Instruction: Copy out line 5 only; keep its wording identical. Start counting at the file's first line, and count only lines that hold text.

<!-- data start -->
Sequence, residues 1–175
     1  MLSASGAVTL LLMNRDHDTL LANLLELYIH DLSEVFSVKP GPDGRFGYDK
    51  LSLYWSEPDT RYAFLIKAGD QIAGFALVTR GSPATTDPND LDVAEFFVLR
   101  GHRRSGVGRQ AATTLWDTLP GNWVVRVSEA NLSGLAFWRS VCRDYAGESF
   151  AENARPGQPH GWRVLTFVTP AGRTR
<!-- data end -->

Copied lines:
   151  AENARPGQPH GWRVLTFVTP AGRTR